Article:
The Complementary Curriculum exists to bridge the gap between classroom and life skills, with the aim of equipping our pupils to make informed choices, whether they’re dealing with the complexity of relationships, balancing a budget or deciding where to cast a vote
Anais Seager, Head of Complementary Curriculum, is responsible for developing and leading the programme which runs for all year groups. It is a “staircase” programme with core topics building in depth and detail over each academic year.
The Complementary Curriculum is designed to help pupils:
• Work out how to deal with challenges in their lives, such as friendships, self-confidence and peer pressure, and find ways to look after each other as well as themselves
• Keep in touch with what’s going on in the world, from politics to medicine and the environment, encouraging them to form opinions based on evidence, question received opinions and think independently
• Understand better the issues and opportunities they may encounter, by bringing in outside speakers with experience of different issues.
The fact that complementary curriculum lessons are on the timetable, and not an optional extra, demonstrates the importance we attach to this aspect of a Dauntsey’s education. We want our pupils to be aware of their individual strengths and qualities and to look after themselves and those around them. We aim to encourage pupils to become flexible, intellectually curious thinkers in a school environment which promotes self-confidence, well-being, and a feeling of self-worth.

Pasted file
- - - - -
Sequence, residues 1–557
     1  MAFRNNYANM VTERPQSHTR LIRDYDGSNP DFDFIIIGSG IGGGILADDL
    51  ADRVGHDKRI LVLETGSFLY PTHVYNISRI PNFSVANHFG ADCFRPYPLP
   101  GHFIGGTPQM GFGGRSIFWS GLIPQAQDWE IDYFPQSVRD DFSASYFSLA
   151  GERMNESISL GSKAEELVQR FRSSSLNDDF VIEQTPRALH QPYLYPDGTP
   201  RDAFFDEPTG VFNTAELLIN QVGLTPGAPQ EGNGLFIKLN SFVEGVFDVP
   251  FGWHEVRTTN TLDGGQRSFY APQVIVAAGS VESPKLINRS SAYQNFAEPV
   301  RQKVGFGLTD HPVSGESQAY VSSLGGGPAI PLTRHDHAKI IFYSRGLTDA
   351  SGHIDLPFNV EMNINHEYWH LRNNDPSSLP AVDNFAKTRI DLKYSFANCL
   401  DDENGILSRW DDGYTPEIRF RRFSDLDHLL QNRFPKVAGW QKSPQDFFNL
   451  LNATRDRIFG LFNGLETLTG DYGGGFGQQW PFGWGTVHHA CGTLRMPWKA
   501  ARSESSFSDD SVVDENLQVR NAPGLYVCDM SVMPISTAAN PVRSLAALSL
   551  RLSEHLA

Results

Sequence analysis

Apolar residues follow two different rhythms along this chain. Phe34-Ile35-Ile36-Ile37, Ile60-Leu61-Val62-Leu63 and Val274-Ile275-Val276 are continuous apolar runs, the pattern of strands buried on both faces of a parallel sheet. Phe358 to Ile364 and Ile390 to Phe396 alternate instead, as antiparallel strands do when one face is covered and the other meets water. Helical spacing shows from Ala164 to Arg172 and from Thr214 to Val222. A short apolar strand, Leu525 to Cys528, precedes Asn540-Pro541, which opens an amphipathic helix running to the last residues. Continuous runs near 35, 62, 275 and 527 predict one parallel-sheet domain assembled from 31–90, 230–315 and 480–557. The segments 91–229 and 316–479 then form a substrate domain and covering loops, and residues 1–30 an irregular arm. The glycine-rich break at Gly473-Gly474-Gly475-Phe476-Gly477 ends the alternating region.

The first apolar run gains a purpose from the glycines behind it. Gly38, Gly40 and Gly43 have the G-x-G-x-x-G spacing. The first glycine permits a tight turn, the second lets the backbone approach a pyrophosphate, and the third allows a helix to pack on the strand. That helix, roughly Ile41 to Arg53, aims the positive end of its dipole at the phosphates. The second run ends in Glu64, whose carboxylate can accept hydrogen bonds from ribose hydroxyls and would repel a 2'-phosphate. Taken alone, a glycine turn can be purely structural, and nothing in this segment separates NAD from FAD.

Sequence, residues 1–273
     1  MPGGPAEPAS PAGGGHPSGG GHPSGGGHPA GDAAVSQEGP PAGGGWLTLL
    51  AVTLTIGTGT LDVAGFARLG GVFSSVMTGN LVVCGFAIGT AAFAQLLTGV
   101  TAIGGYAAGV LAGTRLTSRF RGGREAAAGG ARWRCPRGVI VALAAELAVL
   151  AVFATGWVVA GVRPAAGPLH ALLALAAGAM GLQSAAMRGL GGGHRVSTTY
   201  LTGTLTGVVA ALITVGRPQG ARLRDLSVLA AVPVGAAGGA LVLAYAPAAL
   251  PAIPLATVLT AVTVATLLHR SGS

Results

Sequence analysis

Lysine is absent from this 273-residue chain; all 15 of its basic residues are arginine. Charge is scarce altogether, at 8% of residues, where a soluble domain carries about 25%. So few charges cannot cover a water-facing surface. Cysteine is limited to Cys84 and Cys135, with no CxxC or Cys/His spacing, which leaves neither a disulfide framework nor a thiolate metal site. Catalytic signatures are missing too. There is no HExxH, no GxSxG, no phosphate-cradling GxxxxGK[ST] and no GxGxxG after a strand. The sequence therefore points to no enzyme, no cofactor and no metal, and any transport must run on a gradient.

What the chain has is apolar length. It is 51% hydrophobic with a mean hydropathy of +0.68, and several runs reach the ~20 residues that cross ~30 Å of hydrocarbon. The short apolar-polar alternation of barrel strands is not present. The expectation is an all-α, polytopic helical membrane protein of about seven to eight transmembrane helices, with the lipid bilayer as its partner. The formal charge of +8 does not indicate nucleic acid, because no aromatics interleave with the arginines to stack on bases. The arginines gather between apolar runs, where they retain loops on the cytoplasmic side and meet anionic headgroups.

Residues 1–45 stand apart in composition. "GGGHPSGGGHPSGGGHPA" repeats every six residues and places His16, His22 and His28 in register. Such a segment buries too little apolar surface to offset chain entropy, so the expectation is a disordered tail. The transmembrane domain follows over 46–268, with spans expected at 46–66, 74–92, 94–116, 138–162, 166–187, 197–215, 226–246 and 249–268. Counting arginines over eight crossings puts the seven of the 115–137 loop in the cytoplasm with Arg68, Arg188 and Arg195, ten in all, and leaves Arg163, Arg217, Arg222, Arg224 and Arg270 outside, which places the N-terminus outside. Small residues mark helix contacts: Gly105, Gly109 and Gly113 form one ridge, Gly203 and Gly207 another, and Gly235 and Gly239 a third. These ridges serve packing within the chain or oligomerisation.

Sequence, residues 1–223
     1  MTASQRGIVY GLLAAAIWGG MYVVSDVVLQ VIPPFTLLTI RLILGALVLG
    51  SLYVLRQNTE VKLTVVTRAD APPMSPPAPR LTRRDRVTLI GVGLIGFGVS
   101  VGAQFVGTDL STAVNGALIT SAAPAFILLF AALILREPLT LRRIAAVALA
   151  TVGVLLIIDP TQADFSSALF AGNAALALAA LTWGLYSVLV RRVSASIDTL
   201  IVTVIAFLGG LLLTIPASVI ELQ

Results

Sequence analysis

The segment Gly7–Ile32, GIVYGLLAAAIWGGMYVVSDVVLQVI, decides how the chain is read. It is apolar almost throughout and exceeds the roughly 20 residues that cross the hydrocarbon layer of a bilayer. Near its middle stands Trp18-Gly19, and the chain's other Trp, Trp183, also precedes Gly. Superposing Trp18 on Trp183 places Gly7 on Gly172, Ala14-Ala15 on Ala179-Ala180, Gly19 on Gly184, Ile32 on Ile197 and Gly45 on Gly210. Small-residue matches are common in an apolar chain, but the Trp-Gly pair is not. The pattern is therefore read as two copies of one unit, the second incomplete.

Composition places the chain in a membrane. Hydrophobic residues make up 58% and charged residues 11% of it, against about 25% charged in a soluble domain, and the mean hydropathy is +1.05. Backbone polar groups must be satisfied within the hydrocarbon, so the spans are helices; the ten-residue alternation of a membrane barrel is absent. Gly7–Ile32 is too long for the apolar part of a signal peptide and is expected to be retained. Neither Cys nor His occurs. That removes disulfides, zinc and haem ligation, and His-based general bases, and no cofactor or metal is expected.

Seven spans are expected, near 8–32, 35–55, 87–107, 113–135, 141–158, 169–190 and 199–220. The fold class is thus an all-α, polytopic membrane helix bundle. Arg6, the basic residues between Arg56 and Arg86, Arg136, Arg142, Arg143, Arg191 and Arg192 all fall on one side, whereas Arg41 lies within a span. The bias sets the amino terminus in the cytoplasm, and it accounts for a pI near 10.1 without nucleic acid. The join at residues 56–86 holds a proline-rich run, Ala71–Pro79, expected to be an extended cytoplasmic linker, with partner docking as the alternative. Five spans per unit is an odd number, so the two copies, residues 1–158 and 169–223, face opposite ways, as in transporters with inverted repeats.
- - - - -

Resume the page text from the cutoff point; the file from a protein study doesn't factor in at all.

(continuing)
All lessons draw on pupils’ experiences and interests and they are encouraged to take an active role in the lessons. Through the programme, pupils develop self-confidence, learn to take steps in enhancing mental well-being, foster empathy and develop an appreciation of individual and collective rights and responsibilities.
The aim is to promote and develop emotional literacy as well as the personal skills and attitudes that our pupils will need to lead happy and fulfilled lives. Each session provides a space to voice concerns and talk about worries – the better we all are at talking and listening, the happier we will be
Inevitably new issues emerge all the time and the curriculum is designed to be as flexible as possible to introduce new themes and react to changes as required.
Education isn’t confined to a classroom, I want our pupils to gain practical skills, to learn more about themselves and work within a team as well as enjoy a welcome contrast to the intensity of the exams
Mark Lascelles, Head Master